The connection between iron and diabetes have been the subject of recent reviews [3,4,21-23] and a meta-analysis [24-26]. Originally identified in subjects with hereditary iron overload such as occurs in hereditary hemochromatosis [27,28], the correlation between markers of tissue iron and diabetes has since been noted in numerous populations in the U.S., Europe [3] and elsewhere, including Korean [7], Chinese Han [8-11], African Americans [6,29], and Persian populations [30]. Our findings generally support these studies insofar as Tibetans diabetics have higher ferritin than nondiabetics, and Han diabetics have higher ferritin than Han nondiabetics. However, serum ferritin can rise with systemic inflammation as well as tissue iron, and phlebotomy studies have shown ferritin to be related to tissue iron, but imperfectly so [31]. In general, however, tissue iron, in particular liver iron, is the predominant determinant of serum ferritin levels [32], and ferritin correlates very well with liver iron by imaging criteria [33]. Even in the inflammatory condition of non-alcoholic steatohepatitis, ferritin remains are liable reporter of tissue iron as assessed by liver biopsy [34]. Further evidence that ferritin is reporting on iron status is the correlation of ferritin with serum iron. Thus, although we do not have direct measures of tissue iron content, the results overall support the finding in multiple populations of a correlation of iron with diabetes prevalence. Further support for this conclusion is the large amount of data from animal and human models that support causal connections between iron and diabetes, mediated both by β-cell failure and insulin resistance with the underlying mechanisms including oxidant stress and modulation of adipokines that affect glycemia [29,31,35], and data from NHANES showing that ferritin reflects dietary iron intake rather than inflammation [5].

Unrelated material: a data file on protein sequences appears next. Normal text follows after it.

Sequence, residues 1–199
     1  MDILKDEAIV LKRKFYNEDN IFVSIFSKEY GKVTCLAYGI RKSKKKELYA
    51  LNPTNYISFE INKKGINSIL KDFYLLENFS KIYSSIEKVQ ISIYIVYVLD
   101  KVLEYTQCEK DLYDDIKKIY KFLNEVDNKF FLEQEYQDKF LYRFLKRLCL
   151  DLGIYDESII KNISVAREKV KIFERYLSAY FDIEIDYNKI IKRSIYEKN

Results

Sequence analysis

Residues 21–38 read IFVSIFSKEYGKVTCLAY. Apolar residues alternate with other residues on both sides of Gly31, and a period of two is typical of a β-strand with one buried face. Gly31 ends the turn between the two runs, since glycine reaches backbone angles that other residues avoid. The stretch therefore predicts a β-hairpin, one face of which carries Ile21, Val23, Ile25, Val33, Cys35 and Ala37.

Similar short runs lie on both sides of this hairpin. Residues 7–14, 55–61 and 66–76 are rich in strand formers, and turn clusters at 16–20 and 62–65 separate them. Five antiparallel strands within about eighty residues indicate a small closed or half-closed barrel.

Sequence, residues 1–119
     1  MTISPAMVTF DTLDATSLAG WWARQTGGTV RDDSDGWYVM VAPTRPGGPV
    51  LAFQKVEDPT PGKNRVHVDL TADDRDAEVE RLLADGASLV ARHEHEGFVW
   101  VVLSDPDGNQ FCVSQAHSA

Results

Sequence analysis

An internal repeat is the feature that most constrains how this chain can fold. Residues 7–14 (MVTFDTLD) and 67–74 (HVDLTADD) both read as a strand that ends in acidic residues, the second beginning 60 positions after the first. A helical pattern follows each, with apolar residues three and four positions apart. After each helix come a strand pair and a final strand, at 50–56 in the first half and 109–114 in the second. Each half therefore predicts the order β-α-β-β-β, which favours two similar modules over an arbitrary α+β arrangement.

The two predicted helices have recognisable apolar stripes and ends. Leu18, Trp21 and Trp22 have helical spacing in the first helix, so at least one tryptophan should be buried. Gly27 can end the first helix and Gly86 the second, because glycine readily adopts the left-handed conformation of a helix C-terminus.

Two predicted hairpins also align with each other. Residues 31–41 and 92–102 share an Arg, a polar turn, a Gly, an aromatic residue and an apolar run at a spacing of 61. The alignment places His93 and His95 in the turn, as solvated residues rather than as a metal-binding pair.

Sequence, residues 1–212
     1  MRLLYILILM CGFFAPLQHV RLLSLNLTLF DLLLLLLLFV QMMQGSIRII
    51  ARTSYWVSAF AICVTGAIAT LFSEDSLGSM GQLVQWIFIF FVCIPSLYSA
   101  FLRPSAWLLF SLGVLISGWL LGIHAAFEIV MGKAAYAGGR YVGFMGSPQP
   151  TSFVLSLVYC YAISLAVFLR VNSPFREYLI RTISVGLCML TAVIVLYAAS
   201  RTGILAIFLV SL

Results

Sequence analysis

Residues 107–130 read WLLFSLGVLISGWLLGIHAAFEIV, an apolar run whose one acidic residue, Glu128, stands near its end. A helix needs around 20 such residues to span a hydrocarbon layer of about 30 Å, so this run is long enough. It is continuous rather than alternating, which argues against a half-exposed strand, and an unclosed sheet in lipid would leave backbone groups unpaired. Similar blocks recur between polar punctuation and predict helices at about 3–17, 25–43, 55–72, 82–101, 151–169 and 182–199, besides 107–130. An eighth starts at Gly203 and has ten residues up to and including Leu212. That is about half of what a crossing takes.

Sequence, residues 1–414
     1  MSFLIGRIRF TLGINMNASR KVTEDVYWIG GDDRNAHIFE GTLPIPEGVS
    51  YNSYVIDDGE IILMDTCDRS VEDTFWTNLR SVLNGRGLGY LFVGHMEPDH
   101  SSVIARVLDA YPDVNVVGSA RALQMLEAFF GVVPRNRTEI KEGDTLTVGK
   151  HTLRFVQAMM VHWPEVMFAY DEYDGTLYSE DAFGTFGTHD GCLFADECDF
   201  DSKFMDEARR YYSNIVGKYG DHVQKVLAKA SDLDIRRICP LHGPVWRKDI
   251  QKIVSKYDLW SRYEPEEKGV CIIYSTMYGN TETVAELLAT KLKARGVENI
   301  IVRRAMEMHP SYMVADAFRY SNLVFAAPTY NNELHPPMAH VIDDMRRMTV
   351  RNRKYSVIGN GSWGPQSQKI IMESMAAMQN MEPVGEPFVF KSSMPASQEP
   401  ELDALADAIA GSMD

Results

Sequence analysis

Our findings also indicate that ferritin remains associated with diabetes in residents of higher altitudes. This replicates a previously reported association of ferritin with diabetes in Han Chinese living at altitude [36]. Living at higher altitudes has been reported to be associated with lower diabetes risk [35] and likewise activation of hypoxia-sensing pathways has salutary effects on glucose homeostasis [37]. Thus, our study indicates that in both populations the association with iron is not erased by the beneficial effects of altitude, though we do not have diabetes incidence and prevalence data as a function of iron with which to examine their possible interaction.